|US6697114 *||Aug 13, 1999||Feb 24, 2004||Foveon, Inc.||Triple slope pixel sensor and arry|
|US6710804 *||Jan 18, 2000||Mar 23, 2004||Eastman Kodak Company||CMOS active pixel image sensor with extended dynamic range and sensitivity|
|US6724426 *||Mar 7, 2000||Apr 20, 2004||Micron Technology, Inc.||Multi junction APS with dual simultaneous integration|
|US6765611 *||Nov 21, 2000||Jul 20, 2004||Eastman Kodak Company||Method for compressing an image from a sparsely sampled extended dynamic range image sensing device|
|US20020130957 *||Jan 24, 2001||Sep 19, 2002||Eastman Kodak Company||Method and apparatus to extend the effective dynamic range of an image sensing device and use residual images|
|Citing Patent||Filing date||Publication date||Applicant||Title|
|US7269295 *||Jul 31, 2003||Sep 11, 2007||Hewlett-Packard Development Company, L.P.||Digital image processing methods, digital image devices, and articles of manufacture|
|US7400355 *||Jul 15, 2003||Jul 15, 2008||Fujifilm Corporation||Image pickup apparatus and photometer|
|US7430011 *||Jan 22, 2003||Sep 30, 2008||Omnivision Technologies, Inc.||Image sensor having dual automatic exposure control|
|US7430334 *||Jul 31, 2003||Sep 30, 2008||Hewlett Packard Development Company, L.P.||Digital imaging systems, articles of manufacture, and digital image processing methods|
|US7433093 *||Apr 24, 2006||Oct 7, 2008||Transpacific Ip Ltd.||Method and apparatus for increasing signal to noise ratio|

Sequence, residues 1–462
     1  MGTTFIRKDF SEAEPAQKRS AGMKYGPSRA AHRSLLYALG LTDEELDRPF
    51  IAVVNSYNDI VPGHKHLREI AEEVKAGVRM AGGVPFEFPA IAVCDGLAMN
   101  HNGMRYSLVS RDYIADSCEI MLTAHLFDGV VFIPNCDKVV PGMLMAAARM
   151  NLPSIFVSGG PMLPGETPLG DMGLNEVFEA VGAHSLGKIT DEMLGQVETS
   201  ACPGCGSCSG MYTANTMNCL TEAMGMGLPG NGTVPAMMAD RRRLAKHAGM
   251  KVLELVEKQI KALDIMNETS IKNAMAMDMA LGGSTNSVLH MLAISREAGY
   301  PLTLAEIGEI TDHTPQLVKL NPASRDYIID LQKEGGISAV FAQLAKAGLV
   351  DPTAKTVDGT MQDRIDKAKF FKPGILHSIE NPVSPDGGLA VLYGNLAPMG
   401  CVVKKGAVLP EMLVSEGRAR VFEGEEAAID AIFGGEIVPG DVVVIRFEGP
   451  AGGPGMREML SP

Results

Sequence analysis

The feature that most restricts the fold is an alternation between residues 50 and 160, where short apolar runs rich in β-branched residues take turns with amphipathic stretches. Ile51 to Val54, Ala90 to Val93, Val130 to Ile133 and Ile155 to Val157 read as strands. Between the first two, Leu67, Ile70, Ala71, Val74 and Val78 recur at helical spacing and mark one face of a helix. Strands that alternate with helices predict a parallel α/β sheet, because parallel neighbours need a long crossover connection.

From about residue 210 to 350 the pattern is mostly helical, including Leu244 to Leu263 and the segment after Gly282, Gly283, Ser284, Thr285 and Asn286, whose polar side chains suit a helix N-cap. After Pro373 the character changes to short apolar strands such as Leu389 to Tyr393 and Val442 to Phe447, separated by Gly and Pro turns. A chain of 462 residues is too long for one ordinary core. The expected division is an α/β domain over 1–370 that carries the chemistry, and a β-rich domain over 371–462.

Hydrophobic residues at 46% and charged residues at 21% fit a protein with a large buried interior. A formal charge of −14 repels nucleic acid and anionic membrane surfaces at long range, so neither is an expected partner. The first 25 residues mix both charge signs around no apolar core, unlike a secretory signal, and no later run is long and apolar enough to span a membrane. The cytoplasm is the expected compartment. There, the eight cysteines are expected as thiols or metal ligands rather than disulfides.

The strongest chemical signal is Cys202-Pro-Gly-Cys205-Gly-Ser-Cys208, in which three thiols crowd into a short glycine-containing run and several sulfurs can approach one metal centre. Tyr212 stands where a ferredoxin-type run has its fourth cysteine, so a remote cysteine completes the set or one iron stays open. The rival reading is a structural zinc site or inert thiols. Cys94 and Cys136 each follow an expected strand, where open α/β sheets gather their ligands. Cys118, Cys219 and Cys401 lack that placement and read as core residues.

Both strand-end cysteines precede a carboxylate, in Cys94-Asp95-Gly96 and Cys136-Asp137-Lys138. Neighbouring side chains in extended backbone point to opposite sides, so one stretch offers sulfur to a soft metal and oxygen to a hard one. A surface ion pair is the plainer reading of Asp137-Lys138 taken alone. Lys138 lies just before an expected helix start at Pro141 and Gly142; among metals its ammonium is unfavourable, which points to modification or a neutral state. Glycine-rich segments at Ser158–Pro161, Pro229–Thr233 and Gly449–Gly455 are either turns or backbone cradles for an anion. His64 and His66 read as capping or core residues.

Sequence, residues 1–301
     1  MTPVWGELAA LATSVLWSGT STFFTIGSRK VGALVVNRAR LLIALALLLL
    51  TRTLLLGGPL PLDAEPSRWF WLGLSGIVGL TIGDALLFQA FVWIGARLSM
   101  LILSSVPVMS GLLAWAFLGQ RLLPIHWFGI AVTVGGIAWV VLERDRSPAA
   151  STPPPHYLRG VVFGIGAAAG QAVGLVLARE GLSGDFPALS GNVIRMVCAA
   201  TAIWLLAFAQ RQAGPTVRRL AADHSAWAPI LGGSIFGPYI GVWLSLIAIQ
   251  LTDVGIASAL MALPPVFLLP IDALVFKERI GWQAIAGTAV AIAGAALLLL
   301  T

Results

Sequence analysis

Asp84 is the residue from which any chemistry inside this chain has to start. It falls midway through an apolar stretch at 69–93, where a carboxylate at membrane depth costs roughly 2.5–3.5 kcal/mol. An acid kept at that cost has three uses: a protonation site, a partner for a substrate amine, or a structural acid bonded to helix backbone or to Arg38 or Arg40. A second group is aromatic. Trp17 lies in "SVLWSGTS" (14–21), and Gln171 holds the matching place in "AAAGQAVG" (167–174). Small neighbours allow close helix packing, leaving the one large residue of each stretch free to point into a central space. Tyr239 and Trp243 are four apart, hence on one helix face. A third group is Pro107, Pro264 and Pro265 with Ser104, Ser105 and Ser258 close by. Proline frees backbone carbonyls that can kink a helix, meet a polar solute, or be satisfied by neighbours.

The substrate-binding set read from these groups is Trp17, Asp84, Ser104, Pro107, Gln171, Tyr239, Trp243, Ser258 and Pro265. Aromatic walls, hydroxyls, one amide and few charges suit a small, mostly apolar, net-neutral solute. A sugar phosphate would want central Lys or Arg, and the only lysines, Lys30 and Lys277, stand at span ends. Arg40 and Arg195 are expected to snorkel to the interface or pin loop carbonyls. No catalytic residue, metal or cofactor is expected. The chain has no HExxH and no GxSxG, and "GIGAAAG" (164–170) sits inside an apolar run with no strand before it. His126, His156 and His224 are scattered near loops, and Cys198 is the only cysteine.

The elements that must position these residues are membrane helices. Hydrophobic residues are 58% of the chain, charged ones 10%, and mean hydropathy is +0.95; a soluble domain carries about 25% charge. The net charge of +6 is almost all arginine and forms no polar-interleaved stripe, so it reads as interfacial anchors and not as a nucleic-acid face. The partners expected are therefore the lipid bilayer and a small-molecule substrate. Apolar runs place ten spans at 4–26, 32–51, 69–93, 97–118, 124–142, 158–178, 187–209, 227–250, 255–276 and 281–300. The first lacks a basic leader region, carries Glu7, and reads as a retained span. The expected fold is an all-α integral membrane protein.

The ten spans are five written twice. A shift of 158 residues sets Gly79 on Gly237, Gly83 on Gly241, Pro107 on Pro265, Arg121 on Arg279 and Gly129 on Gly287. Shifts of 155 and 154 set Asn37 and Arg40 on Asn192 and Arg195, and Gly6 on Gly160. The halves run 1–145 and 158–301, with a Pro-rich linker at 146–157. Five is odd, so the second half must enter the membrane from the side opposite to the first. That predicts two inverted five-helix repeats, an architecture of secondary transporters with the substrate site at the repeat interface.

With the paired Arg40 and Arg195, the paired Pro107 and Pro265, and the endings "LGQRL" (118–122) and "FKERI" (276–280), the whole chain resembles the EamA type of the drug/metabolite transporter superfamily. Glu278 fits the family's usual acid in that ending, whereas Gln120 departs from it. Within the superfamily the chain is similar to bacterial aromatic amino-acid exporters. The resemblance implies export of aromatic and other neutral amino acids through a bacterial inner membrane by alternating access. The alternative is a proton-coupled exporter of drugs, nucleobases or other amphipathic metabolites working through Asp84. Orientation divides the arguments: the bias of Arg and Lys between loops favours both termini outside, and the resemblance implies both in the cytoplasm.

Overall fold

|US7577349 *||Aug 7, 2006||Aug 18, 2009||Canon Kabushiki Kaisha||Focus detecting device and camera system using the same device|
|US7598986 *||Dec 22, 2003||Oct 6, 2009||Fujifilm Corporation||Image pick-up apparatus and white balance control method|
|US7616243||Mar 7, 2007||Nov 10, 2009||Altasens, Inc.||Method and apparatus for improving and controlling dynamic range in an image sensor|
|US7986360 *||Apr 30, 2008||Jul 26, 2011||Sony Corporation||Image processing apparatus and method for generating a restoration image|
|US8218068||Apr 1, 2009||Jul 10, 2012||Omnivision Technologies, Inc.||Exposing pixel groups in producing digital images|
|US8294797 *||May 20, 2009||Oct 23, 2012||Samsung Electronics Co., Ltd.||Apparatus and method of generating a high dynamic range image|
|US8355074||Jul 3, 2012||Jan 15, 2013||Omnivision Technologies, Inc.||Exposing pixel groups in producing digital images|
|US8415623||Apr 9, 2013||Raytheon Company||Processing detector array signals using stacked readout integrated circuits|